When photographing portraits against the backdrop of a brilliant sunset, not using a flash will result in insufficient light, and an overall darker image. However, if you use the built-in flash, you run the risk of the background becoming pitch black, without the fiery sunset in the background. In this article I will introduce an applied technique using the built-in flash that is handy for such instances. (Reported by: Teppei Kohno)
EOS 760D/ EF-S55-250mm f/4-5.6 IS STM/ FL: 60mm (96mm equivalent)/ Manual exposure (f/5, 1 sec)/ ISO 100/ WB: Auto
Flash exposure compensation: EV-0.7
Set the exposure in accordance with the background, and illuminate the person with the flash light
A: Set the exposure so that you can beautifully capture the sunset.
B: Arrange the person and background well for the composition, and then focus on the person.
C: Take shots with the built-in flash on.
D: Check the resulting photos, and if necessary, adjust the flash exposure compensation.
When you take portraits against the background of a beautiful sunset, since there is only a small amount of light after the sun has set, the sunset that you capture will be darker than expected. For shooting scenes like this, first consider matching the exposure with the sunset. Set an exposure for which the colours of the sky are captured beautifully with a slow shutter speed, and use the built-in flash to compensate the brightness of the person in the foreground. This technique is referred to as Slow Sync.
I took a test shot using Aperture-Priority AE, and checked the f-number and shutter speed at which the background was properly captured. I then switched the shooting mode to Manual, set the values obtained during the test shoot, and fixed the exposure. Adjust the flash exposure compensation for the built-in flash until the brightness is just right for the subject of the shoot. If blurring occurs due to the shutter speed being too slow, I recommend using a tripod or placing the camera on a stand.
Negative example: 1/60 sec
Good example: 1 sec
Left: EOS 760D/ EF-S18-55mm f/3.5-5.6 IS STM/ FL: 27mm (43mm equivalent)/ Program AE (f/4, 1/60 sec)/ ISO 200/ WB: Auto
I set the shutter speed to 1/60 second, and used the built-in flash. The shutter speed was too fast, so only the person was captured, while the sunset was lost.
Right: EOS 760D/ EF-S18-55mm f/3.5-5.6 IS STM/ FL: 27mm (43mm equivalent)/ Manual exposure (f/4, 1 sec)/ ISO 200/ WB: Auto
I set the shutter speed to 1 second, and used the built-in flash. I was able to capture both the person and sunset beautifully.
Have the subject move during the shoot to evoke a sense of motion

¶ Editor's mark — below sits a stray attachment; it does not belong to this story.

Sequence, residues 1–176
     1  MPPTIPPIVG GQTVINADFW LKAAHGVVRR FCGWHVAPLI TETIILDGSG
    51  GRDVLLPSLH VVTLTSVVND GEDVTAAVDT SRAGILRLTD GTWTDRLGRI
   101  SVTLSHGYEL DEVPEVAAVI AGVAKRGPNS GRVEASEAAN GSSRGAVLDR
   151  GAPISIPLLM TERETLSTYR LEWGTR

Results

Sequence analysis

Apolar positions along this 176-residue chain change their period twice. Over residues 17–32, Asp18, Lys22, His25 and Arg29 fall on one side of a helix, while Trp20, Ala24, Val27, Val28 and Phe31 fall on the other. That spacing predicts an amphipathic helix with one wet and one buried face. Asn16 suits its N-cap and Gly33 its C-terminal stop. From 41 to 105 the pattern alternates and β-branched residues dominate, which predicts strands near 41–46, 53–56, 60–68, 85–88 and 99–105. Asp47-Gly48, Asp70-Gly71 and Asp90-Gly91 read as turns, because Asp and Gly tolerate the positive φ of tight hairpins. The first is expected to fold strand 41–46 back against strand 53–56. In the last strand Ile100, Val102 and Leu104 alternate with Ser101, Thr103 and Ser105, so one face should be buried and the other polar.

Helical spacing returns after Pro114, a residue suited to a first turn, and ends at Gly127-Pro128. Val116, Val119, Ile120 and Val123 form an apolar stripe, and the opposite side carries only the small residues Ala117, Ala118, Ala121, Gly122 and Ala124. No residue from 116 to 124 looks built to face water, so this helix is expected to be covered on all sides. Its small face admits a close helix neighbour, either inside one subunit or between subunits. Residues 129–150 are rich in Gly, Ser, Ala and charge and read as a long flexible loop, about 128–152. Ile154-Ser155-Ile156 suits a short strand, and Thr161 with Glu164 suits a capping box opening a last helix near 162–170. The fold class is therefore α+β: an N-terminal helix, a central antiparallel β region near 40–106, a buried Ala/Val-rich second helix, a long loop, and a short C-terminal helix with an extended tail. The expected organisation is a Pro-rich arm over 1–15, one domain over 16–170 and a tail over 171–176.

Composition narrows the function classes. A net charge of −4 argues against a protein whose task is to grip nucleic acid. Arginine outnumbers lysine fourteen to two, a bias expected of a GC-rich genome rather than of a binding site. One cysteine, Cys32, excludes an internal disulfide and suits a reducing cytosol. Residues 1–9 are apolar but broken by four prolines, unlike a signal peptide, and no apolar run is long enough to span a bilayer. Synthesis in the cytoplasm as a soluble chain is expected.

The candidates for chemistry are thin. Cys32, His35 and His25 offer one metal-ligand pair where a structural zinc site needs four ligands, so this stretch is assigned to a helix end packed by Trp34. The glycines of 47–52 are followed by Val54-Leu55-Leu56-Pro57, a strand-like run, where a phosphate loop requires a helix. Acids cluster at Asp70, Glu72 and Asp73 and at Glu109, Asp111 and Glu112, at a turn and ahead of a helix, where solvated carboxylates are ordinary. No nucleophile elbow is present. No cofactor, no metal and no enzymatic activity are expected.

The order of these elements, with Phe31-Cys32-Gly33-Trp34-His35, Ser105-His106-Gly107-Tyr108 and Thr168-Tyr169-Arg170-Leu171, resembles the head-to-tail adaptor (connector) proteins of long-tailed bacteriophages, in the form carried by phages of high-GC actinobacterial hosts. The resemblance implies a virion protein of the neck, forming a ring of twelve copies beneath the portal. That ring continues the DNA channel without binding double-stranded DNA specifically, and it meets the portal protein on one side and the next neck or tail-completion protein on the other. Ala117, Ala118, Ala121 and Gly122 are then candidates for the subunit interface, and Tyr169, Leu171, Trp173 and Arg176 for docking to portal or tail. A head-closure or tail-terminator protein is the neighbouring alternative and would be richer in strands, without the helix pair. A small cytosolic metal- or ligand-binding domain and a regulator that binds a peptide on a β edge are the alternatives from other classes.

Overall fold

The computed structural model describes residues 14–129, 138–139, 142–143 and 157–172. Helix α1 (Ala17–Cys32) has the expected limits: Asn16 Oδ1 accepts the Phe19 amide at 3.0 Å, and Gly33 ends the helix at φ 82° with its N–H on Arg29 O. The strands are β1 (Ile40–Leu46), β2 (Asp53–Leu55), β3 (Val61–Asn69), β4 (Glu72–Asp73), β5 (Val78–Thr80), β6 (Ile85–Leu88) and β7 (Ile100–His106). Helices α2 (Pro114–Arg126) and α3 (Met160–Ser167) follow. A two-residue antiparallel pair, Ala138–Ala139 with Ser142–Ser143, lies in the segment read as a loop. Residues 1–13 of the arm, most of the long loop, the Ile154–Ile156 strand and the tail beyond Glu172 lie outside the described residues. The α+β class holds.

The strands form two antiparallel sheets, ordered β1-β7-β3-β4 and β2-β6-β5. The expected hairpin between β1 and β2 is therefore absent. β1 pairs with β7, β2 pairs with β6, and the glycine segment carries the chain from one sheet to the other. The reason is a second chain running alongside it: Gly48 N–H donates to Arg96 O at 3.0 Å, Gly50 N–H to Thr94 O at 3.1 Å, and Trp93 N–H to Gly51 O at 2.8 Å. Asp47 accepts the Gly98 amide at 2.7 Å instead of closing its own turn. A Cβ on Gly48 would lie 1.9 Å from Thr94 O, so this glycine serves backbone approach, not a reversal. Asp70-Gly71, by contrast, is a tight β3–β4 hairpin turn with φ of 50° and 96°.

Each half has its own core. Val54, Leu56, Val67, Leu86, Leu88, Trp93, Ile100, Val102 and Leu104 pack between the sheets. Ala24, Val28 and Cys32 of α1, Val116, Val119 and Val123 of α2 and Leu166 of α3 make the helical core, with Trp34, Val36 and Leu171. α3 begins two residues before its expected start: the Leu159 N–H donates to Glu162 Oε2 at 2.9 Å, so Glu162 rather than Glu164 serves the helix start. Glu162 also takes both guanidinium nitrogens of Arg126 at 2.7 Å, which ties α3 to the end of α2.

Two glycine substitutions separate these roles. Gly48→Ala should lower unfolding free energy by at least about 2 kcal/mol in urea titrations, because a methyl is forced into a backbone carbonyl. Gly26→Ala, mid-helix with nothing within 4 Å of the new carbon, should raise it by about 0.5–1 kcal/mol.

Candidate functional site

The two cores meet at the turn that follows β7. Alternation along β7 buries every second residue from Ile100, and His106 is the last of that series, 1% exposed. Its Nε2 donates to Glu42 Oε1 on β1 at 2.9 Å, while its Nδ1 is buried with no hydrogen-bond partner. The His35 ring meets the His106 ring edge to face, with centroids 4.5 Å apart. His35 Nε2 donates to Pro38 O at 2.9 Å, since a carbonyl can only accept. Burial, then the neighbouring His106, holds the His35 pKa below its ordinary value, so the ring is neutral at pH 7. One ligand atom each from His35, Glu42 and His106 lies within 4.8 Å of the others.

When using a slow shutter speed, any movement while the shutter is open will be blurred in the photo. You can take advantage of this by having the person deliberately move to evoke a sense of motion in the photo. I asked my subject to keep her face still while having her sway her body from side to side. The movement of her hair and clothing is depicted in the resulting motion blur.
EOS 760D/ EF-S18-55mm f/3.5-5.6 IS STM/ FL: 35mm (56mm equivalent)/ Manual exposure (f/4.5, 1 sec)/ ISO 800/ WB: Auto
I set the shutter speed to 1 second, and used the built-in flash. The lady swayed her body from side to side while the shutter was released. In this way, I was able to take a photo that evoked a sense of motion while making the most of the colours of the sunset sky.
Use an externally-mounted Speedlite when you want more light
When the shooting distance to the person becomes further, the amount of light provided by the build-in flash might be insufficient. Also, when you try to be creative with the composition, such as by placing the person in the corner of the frame, there may be times when you want to adjust the angle of the light emitted from the flash. For these cases, I recommend using an externally-mounted Speedlite. The SPEEDLITE 430EX III-RT is easy to use thanks to its compact size, has plenty of light with its guide number of 43 (the built-in flash of the EOS 760D is GN12), and the angle of the flash head can be changed.
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Born in Tokyo in 1976, Kohno graduated with a Social Work degree from the Department of Sociology of Meiji Gakuin University, and apprenticed with photographer Masato Terauchi. He contributed to the first issue of photography magazine PHaT PHOTO and became an independent photographer after that, in 2003. The author of many books, Kohno not only shoots all sorts of commercial photographs, but also writes prolifically for camera and other magazines.